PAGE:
Lawmaker Seeks Bronze Star Upgrade for Soldier’s Heroic Actions in Niger Ambush

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Staff Sgt. Jeremiah Johnson. (Photo Credit: U.S. Army)
Staff Sgt. Jeremiah Johnson. (Photo Credit: U.S. Army)

A Republican lawmaker is pushing the Army to upgrade the posthumous Bronze Star with Valor Device Sgt. 1st Class Jeremiah Johnson received to recognize the heroism he showed during a deadly October 2017 ambush in Niger.

Rep. Phil Roe, R-Tenn., told Military.com that he has been working with Johnson's family since 2017 in an effort "to ensure he is recognized with an award commensurate to his service and sacrifice."

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On Oct. 4, 2017, Johnson was one of 10 members of Operational Detachment Alpha (ODA) Team 3212 from 3rd Special Forces Group (Airborne), which was conducting a mounted patrol with about 34 Nigerien troops.

The mission began as a reconnaissance patrol in the area of Tiloa, north of the village of Tongo Tongo near the Mali border. It later changed to an effort to kill or capture a sub-commander of the Islamic State of Iraq and Syria-Greater Sahara (ISIS-GS).

The patrol didn't locate the enemy leader, but wandered into the kill zone of an enemy ambush after passing through Tongo Tongo. A large enemy force quickly gained fire superiority over Johnson's team and the Nigerien troops, resulting in the deaths of four Americans and four Nigeriens.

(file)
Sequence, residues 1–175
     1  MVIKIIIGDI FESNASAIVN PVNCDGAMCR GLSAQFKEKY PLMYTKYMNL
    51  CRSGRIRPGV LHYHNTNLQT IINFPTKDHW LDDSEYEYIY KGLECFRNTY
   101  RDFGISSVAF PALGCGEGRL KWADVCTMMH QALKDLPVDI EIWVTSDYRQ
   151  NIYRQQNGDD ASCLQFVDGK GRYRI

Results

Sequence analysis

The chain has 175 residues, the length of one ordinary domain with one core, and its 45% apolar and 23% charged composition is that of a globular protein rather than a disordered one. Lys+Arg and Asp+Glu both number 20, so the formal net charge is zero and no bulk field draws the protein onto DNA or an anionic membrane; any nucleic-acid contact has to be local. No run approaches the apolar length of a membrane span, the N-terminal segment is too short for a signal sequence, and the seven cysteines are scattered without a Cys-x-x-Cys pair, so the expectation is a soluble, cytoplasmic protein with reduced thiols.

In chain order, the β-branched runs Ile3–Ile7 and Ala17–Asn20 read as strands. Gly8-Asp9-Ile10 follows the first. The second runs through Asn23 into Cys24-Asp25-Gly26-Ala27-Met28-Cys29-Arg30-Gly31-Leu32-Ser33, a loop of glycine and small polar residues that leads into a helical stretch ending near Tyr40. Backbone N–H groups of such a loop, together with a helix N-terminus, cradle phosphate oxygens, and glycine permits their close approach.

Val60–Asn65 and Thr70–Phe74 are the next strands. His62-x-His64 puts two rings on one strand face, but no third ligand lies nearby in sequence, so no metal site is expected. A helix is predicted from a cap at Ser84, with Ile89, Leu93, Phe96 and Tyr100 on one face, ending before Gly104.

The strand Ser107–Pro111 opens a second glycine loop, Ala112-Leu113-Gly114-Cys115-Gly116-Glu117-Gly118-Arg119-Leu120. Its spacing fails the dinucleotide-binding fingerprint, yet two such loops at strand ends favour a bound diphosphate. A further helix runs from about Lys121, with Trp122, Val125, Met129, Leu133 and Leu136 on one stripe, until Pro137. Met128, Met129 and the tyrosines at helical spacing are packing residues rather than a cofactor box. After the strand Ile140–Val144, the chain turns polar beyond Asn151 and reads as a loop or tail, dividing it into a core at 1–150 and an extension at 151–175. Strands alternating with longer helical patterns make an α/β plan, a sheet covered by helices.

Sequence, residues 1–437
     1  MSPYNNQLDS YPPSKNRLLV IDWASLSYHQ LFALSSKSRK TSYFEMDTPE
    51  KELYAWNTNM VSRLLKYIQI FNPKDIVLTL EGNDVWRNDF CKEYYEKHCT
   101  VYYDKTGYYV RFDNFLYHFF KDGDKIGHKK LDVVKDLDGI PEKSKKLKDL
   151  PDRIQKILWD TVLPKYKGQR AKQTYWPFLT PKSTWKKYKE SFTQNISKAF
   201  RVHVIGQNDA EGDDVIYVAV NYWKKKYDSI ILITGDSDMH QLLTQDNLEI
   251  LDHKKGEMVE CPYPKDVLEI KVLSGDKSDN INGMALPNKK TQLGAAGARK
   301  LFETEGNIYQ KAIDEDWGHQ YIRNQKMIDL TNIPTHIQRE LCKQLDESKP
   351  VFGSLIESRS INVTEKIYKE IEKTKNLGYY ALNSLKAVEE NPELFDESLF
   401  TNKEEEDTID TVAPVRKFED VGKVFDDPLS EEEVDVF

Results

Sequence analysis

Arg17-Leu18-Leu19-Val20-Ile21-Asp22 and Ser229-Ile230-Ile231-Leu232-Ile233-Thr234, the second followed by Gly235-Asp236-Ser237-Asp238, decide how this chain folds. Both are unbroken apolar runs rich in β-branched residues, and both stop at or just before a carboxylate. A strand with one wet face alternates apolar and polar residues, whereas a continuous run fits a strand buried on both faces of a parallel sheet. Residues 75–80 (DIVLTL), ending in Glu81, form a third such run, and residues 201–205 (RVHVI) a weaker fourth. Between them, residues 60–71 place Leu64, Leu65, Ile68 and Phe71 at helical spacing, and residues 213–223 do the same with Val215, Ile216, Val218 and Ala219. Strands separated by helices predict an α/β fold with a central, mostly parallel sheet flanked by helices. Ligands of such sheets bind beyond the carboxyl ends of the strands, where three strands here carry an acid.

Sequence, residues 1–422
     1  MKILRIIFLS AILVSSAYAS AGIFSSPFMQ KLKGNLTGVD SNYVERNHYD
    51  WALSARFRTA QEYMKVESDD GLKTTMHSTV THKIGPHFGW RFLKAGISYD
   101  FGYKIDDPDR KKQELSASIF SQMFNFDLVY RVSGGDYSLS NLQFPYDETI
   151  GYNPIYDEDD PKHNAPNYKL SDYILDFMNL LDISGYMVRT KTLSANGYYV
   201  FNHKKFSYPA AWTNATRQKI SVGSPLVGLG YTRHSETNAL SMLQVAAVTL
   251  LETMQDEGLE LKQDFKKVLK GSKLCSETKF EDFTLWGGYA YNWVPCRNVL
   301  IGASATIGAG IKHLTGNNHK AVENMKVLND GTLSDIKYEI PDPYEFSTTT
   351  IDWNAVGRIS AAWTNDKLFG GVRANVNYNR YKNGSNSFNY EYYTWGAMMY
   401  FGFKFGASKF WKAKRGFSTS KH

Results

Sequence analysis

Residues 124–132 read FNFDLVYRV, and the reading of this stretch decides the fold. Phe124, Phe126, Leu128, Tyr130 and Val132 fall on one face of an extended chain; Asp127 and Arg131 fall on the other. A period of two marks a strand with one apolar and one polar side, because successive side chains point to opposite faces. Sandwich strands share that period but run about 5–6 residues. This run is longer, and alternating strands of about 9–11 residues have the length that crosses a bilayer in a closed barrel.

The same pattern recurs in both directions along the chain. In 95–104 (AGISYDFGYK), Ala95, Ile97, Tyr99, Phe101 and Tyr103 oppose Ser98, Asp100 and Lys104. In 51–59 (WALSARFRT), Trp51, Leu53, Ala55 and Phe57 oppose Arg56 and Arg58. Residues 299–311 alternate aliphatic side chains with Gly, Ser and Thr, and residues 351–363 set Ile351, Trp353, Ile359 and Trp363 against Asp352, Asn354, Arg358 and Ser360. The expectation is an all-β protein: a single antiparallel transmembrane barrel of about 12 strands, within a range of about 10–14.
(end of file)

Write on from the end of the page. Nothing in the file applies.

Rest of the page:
Then a staff sergeant, Johnson, a Special Forces detachment chemical reconnaissance sergeant, battled bravely alongside his fellow team members as they attempted to fight off the enemy force.

During the battle, Johnson "maneuvered multiple times across open terrain through intense and accurate fire from an overwhelming hostile force to protect his team," according to an account that was read at his Aug. 10, 2019, award ceremony in Greenville, Tenn..

"Sergeant 1st Class Jeremiah Johnson is an American hero who tragically lost his life in service to our country," Roe wrote in a statement to Military.com. "I will continue working with the family and the Department of the Army to ensure that a request to upgrade the honor he was awarded posthumously is considered."

Army officials did not immediately respond to a request for comment.

The brutal ambush ignited allegations that the Green Beret team and Nigerien troops were sent on a poorly planned, last-minute raid to capture a suspected terrorist without support or air cover. The investigation that followed resulted in disciplinary actions taken against nine individuals over failures in judgment, preparation or actions in the ambush.

Johnson, who was posthumously promoted to sergeant first class, showed great courage during the desperate battle, "disrupting the enemy's freedom of maneuver and killing several enemy fighters before succumbing to his wounds," according to the account.

Other lawmakers are involved in similar efforts to upgrade valor awards for fallen service members.

Reps. Stephanie Murphy, D-Florida; Dan Crenshaw, R-Texas; and Michael Waltz, R-Florida, have been pushing for Sgt. 1st Class Alwyn Cashe's posthumous Silver Star to be upgraded to the Medal of Honor for pulling six of his fellow soldiers from a burning Bradley fighting vehicle in Iraq in November 2005.

Cashe's uniform was soaked with fuel and caught fire as he repeatedly went back into the vehicle. He and three of his soldiers died from their burns.

Defense Secretary Mark Esper wrote in an Aug. 24 letter to the lawmakers that "Cashe's actions merit award of the Medal of Honor," adding that he would work to approve it.

-- Matthew Cox can be reached at matthew.cox@military.com.

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